Military force seems to prove to be the least effective and most unreliable tool when it comes to foreign policy. Not only does it create contention between the U.S. and the opposing force, and damages the possibility of a healthy diplomatic relationship for future Presidents, as it had with Barak Obama when he attempted to “reset,” relations with Russia. U.S. intervention in third world nations is perhaps the be...
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...dvantage, especially in the case of Iran and the recent nuclear deal signed in 2015. The deal prohibits Iran from using its nuclear program for the creation of weapons of mass destruction, and limits the program exclusive to nuclear power so that the country may export more oil. The deal allows for Iran to maintain its nuclear program, but also puts Washington at ease with the knowledge that Iran obtaining nuclear weapons would be unlikely if the deal is upheld.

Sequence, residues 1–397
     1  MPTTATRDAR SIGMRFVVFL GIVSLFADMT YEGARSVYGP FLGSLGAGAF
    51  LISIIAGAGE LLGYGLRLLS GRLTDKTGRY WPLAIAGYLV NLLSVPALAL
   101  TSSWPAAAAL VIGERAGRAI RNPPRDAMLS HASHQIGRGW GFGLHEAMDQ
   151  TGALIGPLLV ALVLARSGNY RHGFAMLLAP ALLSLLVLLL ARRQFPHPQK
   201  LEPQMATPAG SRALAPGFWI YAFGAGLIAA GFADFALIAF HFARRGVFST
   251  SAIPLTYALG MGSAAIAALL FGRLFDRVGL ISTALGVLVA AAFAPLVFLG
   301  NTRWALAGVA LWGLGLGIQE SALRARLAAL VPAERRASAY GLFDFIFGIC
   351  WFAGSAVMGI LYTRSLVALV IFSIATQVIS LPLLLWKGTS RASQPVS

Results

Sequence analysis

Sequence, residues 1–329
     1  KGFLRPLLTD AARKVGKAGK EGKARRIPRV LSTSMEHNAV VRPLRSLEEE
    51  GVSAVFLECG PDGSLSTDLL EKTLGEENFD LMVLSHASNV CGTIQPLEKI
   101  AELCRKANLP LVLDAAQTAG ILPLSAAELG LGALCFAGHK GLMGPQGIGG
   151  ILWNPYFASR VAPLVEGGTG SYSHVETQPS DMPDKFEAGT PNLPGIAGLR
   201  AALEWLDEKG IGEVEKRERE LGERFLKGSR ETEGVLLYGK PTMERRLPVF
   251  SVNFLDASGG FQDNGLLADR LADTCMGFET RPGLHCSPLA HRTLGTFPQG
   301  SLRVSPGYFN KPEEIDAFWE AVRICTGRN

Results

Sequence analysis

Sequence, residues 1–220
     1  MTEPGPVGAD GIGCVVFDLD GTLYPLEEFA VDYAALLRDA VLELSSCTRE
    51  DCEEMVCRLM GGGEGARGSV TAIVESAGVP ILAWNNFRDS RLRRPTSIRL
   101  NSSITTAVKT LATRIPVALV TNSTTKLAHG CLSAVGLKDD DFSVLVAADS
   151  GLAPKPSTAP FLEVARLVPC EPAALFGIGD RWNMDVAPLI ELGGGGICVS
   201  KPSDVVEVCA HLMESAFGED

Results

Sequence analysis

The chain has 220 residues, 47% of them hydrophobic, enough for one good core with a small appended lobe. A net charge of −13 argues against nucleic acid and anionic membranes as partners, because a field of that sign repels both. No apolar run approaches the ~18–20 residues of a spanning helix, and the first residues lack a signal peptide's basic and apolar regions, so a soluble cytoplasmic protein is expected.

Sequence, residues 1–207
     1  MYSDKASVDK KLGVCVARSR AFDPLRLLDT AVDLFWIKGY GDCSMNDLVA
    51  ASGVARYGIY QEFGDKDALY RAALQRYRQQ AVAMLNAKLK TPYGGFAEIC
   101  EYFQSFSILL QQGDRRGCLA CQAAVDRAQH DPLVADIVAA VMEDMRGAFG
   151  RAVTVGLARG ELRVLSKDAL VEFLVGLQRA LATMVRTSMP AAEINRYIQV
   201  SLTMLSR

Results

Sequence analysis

States respond more readily and willingly to negotiation rather than economic sanctions or force, unless of course they have been previously treated with aggression. Diplomatic negotiations still remains the most reliable and effective tool of foreign policy, however, as globalization continues to expand, this trend may change leaning more towards economics becoming a driving force for future foreign policy.
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